© Geoff Nichols
This is an attractive evergreen tree that is useful as an ornamental
garden tree and for attracting birds and butterflies into the garden.
It is popularly planted as a street tree in a number of South African
towns and cities. With its thick crown and somewhat drooping leaves,
the wild plum is a good shade tree in the garden.
The wild plum is a large, evergreen tree that grows up to 15 m tall,
and is usually found in riverine forests. The main stem is clean
and straight, but the forest form often has supporting buttress
roots. The bark is smooth when young, becoming rough, dark grey-brown
as it grows older. Branches are curved bowed upwards, with leaves
crowded towards the ends, forming a thick crown at the top of the
The shiny dark green and glossy leaves are pinnate with sickle-shaped
leaflets, and are sometimes interspersed with the odd red leaves.
The whitish green flowers are borne near the ends of the branches
with male and female flowers on separate trees, throughout summer
(November to February). The tasty plum-like fruits first appear
green and then turn red when they ripen in autumn; they contain
a single seed and are enjoyed by people, mammals and birds.
The wild plum may be confused with the Cape ash (Ekebergia capensis)
but is distinguishable by its sickle-shaped leaflets and the leaves
that are crowded towards the end of the branches.
The Harpephyllum caffrum grows from the Eastern Cape northwards
through KwaZulu-Natal, Swaziland, southern Mozambique, Limpopo and
into Zimbabwe. This is a popular tree in frost-free areas.
Derivation of name and historical aspects
The generic name Harpephyllum is of Greek derivation, meaning
sickle-like leaves, referring to the shape of the falcate leaflets.
The specific name caffrum is derived from its place of origin, Kaffraria,
now part of Eastern Cape. This word also means 'indigenous'.
H. caffrum belongs to the Anacardiaceae (mango family), which
is the fourth largest tree family in southern Africa, boasting approximately
80 tree species and many shrubs. Commercially grown members of the
family include mango (Mangifera indica), cashew nut (Anacardium
occidentale), and pistachio nut (Pistacia vera). Locally,
the fruit of wild plum and marula (Sclerocarya birrea) are well
utilized and the latter is well commercialized. Some species that
belong to this family are considered to be toxic, for example the
rainbow leaf (Smodingium argutum).
Uses and cultural aspects
The fruit of H. caffrum is widely utilized by birds, animals,
insects and humans. They are commonly used for making jams and jellies.
With their sour taste, they are also good to make rosé wine.
The tree has some potential as a commercial crop, but a preliminary
trial planting in the Negev Desert in Israel was reported as disappointing.
The bark is a popular traditional medicine. It is used to treat
acne and eczema, and is usually applied in the form of facial saunas
and skin washes. It is used by people with 'bad blood' that results
in pimples on the face. Powdered burnt bark is used to treat sprains
and bone fractures. Bark is also used for dyeing, and it gives a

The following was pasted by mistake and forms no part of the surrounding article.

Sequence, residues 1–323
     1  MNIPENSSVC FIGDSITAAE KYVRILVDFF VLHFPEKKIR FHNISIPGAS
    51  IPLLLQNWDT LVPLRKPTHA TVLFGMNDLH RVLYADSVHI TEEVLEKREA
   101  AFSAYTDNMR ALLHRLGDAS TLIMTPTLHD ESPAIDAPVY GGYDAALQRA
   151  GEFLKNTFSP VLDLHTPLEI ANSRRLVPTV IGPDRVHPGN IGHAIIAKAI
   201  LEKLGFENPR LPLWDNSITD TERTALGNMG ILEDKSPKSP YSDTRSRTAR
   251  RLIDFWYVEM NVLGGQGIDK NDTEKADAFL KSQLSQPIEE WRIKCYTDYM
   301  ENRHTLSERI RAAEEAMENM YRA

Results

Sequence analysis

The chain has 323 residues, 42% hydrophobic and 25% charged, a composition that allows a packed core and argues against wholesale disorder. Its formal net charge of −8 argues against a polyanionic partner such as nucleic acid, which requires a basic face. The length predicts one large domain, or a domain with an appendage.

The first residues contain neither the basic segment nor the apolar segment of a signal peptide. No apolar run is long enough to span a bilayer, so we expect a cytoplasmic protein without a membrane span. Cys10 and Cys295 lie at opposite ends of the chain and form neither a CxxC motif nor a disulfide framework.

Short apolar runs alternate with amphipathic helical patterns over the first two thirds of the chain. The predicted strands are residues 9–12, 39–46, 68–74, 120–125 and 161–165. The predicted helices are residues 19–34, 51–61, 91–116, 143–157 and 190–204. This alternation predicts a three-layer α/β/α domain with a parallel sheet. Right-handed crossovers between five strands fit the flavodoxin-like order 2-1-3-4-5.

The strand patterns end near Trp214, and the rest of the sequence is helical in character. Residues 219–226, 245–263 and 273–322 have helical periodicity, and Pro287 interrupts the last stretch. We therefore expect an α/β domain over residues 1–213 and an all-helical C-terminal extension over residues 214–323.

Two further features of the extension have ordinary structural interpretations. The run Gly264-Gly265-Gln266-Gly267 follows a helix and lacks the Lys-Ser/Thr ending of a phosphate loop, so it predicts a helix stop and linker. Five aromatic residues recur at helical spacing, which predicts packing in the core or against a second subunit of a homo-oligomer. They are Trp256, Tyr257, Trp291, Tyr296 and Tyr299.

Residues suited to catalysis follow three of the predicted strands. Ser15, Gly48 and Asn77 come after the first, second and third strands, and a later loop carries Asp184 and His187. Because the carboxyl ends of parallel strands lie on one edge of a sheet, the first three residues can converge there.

mauve or pink colour. In some parts of Eastern Cape, root decoctions
are traditionally taken for paralysis thought to have been contracted
from walking over an area that has been poisoned or polluted through
The wood of the H. caffrum is pale reddish and fairly heavy.
It polishes well but is not very durable. It has been used as a
general purpose timber, for furniture and beams. It is also used
for carving curios.
Larvae of the common hairtail butterfly (Anthene definite)
and the Eggar moth (Lasiocampa kollikerii) feed on leaves
of this tree. Many animals including bushbabies, monkeys, baboons
and bushbuck love the fruit of the wild plum. Birds such as Cape
parrots, mousebirds, barbets, bulbuls, louries and African green
pigeons and other fruit-eating birds feed on the fruits of this
© Geoff Nichols
Growing Harpephyllum caffrum
H. caffrum grows easily from seeds. Stored
seeds should be soaked in water for a day and then be scrubbed with
a brush to remove the fleshy part. It must then be sown in trays
filled with river sand or a normal potting soil. They should not
be planted too deep as they can easily rot. The seeds take 7 to
11 days to germinate.
The wild plum can also be propagated by means of cuttings and truncheons.
The truncheons should be dried before planting; they can be left
lying in the shade for a day or until all exudate has dried. The
hole in which the truncheon is going to be planted should be filled
with a layer of river sand to promote root formation and improve
drainage. This also helps to combat fungal diseases.
References and further reading
- Coates Palgrave, M. 2002. Keith Coates Palgrave Trees of
southern Africa, edn 3. Struik, Cape Town.
- Grant, R. & Thomas, V. 1998. Sappi tree spotting, KwaZulu-Natal
Coast and Midlands. Jacana, Johannesburg.
- Hutchings, A., Scott, A.H., Lewis, G. & Cunnigham, A., 1996.
Zulu medicinal plants:an inventory. University of Natal
- Schmidt, E., Lötter, M. & McCleland, W. 2002. Trees
and srubs of Mpumalanga and Kruger National Park. Jacana,
- Van Wyk, B-E. & Gericke, N. 2000. People's plants. A
guide to useful plants of southern Africa. Briza Publications,
- Van Wyk, B-E., Van Oudtshoorn, B. & Gericke, N. 1997. Medicinal
plants of South Africa. Briza Publications, Pretoria.
- Venter, F. & Venter, J-A. 1996. Making the most of indigenous
trees. Briza Publications, Pretoria.
Mhlonishwa D. Dlamini
Walter Sisulu National Botanical Garden